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Article

Comparison of Antibiotic Resistance Profile and Biofilm Production of Staphylococcus aureus Isolates Derived from Human Specimens and Animal-Derived Samples

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Laboratorio Genetica dei Microorganismi, Istituto Zooprofilattico Sperimentale della Sicilia, 90129 Palermo, Italy
2
Dipartimento Scienze e Tecnologie Biologiche, Chimiche e Farmaceutiche, Viale delle Scienze, University of Palermo, 90128 Palermo, Italy
3
Laboratorio Analisi Baiata srl, via Capitano Francesco Sieli, 1, 91100 Trapani (TP), Italy
*
Authors to whom correspondence should be addressed.
Received: 30 May 2019 / Revised: 3 July 2019 / Accepted: 17 July 2019 / Published: 19 July 2019
(This article belongs to the Special Issue Staphylococci Antimicrobial Resistance)
Background: The diffusion of antimicrobial resistance is a significant concern for public health worldwide. Staphylococcus aureus represents a paradigm microorganism for antibiotic resistance in that resistant strains appear within a decade after the introduction of new antibiotics. Methods: Fourteen S. aureus isolates from human specimens and twenty-one from samples of animal origin, were compared for their antimicrobial resistance and biofilm capability. In addition, they were characterized at the molecular level to detect the antimicrobial resistance mecA gene and genes related with enterotoxin, toxin, and biofilm production. Results: Both phenotypic and molecular analysis showed main differences among human- and animal-derived isolates. Among the human-derived isolates, more multidrug-resistant isolates were detected and mecA gene, enterotoxin, and toxin genes were more prevalent. Different genes involved in biofilm production were detected with bap present only in animal-derived isolates and sasC present in both isolates, however, with a higher prevalence in the human-derived isolates. Biofilm capability was higher in human-derived isolates mainly associated to the sasC gene. Conclusions: The overall results indicate that human S. aureus isolates are more virulent and resistant than the isolates of animal origin randomly selected with no infection anamnesis. This study confirms that selection for more virulent and resistant S. aureus strains is related to the clinical practice. View Full-Text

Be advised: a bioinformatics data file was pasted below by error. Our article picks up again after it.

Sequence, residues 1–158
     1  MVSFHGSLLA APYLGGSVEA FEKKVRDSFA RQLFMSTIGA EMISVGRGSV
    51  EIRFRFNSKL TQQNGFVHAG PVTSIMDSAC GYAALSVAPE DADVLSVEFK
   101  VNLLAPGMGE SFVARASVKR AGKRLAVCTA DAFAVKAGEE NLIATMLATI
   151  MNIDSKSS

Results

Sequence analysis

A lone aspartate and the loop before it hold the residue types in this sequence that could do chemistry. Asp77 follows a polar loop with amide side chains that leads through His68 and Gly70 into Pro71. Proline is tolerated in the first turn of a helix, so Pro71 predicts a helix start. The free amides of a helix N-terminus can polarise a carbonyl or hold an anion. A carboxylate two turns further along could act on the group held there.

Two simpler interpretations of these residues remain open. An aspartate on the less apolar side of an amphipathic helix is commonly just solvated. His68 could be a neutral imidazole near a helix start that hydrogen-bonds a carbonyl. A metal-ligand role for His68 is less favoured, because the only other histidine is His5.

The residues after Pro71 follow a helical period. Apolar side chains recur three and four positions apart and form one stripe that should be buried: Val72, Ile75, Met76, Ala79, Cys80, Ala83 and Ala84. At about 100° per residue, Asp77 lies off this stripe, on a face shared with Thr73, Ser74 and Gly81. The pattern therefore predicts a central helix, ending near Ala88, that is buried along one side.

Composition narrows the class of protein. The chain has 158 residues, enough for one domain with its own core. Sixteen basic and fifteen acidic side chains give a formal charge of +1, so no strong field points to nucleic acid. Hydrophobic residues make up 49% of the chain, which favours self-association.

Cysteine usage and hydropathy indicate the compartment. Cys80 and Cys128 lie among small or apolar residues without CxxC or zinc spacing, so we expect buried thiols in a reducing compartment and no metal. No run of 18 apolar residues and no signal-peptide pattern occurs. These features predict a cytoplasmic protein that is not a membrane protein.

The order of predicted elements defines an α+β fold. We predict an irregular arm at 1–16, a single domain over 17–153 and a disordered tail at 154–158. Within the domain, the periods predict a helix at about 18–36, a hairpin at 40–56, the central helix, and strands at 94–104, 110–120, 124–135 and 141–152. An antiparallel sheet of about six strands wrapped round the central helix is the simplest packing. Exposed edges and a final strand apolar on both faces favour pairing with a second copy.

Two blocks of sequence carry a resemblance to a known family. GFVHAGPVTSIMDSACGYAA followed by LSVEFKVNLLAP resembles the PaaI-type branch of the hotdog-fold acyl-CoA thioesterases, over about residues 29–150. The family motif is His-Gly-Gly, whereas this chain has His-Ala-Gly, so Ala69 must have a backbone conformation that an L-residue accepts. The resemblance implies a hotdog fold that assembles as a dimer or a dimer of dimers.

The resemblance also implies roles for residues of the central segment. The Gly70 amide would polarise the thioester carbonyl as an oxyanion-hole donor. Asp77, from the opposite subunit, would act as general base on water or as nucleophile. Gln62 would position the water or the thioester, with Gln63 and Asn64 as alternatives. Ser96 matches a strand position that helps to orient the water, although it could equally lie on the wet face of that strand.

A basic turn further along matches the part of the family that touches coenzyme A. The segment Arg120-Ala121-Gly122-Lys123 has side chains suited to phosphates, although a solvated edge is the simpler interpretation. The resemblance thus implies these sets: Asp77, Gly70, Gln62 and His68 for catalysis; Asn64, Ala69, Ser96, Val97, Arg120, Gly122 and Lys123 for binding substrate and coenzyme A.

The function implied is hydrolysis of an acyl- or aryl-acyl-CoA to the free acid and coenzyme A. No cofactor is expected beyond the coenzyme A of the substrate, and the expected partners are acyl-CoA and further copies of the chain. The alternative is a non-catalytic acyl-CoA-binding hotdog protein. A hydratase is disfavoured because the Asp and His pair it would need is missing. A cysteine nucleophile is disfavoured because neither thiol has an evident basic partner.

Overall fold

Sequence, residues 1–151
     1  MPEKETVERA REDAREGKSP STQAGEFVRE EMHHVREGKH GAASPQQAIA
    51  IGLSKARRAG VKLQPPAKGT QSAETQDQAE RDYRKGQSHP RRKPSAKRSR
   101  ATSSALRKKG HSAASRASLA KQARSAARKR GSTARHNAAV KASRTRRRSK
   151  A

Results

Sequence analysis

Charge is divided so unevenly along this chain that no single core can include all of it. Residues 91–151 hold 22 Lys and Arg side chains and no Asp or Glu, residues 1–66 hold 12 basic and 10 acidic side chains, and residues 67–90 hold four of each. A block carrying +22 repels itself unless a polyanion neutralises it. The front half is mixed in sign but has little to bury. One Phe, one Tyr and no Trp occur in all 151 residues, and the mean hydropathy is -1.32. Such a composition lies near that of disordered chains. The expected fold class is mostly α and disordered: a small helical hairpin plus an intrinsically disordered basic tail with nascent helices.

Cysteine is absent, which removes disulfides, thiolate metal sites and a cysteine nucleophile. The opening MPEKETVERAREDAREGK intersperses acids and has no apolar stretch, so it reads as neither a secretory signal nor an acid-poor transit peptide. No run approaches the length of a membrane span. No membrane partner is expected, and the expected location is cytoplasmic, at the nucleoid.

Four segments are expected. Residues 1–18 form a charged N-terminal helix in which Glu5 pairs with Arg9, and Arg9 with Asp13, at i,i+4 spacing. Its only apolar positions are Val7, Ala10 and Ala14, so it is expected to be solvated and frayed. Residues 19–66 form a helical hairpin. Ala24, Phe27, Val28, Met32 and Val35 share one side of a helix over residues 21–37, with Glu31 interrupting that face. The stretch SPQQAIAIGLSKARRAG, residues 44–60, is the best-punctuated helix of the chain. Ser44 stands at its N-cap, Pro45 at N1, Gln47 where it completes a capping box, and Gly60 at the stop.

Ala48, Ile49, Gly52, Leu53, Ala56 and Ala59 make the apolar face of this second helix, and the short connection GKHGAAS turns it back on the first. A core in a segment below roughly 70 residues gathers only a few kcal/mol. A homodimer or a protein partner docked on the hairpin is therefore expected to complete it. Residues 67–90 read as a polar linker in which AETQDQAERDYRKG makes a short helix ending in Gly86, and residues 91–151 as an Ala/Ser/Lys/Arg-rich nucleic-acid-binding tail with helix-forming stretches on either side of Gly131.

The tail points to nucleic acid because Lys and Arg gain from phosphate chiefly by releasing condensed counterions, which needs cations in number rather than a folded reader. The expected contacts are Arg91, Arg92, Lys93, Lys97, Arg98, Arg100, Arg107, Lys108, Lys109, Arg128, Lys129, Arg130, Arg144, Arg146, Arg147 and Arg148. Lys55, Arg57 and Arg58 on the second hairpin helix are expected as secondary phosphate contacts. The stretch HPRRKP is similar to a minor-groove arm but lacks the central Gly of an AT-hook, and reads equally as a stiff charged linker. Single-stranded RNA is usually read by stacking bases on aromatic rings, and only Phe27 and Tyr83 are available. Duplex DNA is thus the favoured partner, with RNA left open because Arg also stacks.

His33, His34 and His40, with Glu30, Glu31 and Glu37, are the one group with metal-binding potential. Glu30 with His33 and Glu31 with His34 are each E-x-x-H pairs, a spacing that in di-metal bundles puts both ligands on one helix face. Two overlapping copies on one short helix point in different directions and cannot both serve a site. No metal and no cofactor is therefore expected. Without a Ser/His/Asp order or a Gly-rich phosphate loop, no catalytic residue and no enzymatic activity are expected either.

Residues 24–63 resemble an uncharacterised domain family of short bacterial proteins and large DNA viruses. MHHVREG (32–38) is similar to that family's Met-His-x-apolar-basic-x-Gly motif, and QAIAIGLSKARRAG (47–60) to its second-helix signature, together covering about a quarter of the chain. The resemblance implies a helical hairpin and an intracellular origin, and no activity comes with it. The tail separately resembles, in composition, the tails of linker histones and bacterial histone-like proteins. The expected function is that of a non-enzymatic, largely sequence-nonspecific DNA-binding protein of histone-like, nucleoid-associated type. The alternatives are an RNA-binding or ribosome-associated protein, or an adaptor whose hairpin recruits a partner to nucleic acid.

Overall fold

Keywords: Staphylococcus aureus; Staphylococcal toxins; mecA; antibiotic resistance; biofilm activity; MRSA Staphylococcus aureus; Staphylococcal toxins; mecA; antibiotic resistance; biofilm activity; MRSA
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MDPI and ACS Style

Vitale, M.; Galluzzo, P.; Buffa, P.G.; Carlino, E.; Spezia, O.; Alduina, R. Comparison of Antibiotic Resistance Profile and Biofilm Production of Staphylococcus aureus Isolates Derived from Human Specimens and Animal-Derived Samples. Antibiotics 2019, 8, 97. https://0-doi-org.brum.beds.ac.uk/10.3390/antibiotics8030097

AMA Style

Vitale M, Galluzzo P, Buffa PG, Carlino E, Spezia O, Alduina R. Comparison of Antibiotic Resistance Profile and Biofilm Production of Staphylococcus aureus Isolates Derived from Human Specimens and Animal-Derived Samples. Antibiotics. 2019; 8(3):97. https://0-doi-org.brum.beds.ac.uk/10.3390/antibiotics8030097

Chicago/Turabian Style

Vitale, Maria, Paola Galluzzo, Patrizia G. Buffa, Eleonora Carlino, Orazio Spezia, and Rosa Alduina. 2019. "Comparison of Antibiotic Resistance Profile and Biofilm Production of Staphylococcus aureus Isolates Derived from Human Specimens and Animal-Derived Samples" Antibiotics 8, no. 3: 97. https://0-doi-org.brum.beds.ac.uk/10.3390/antibiotics8030097

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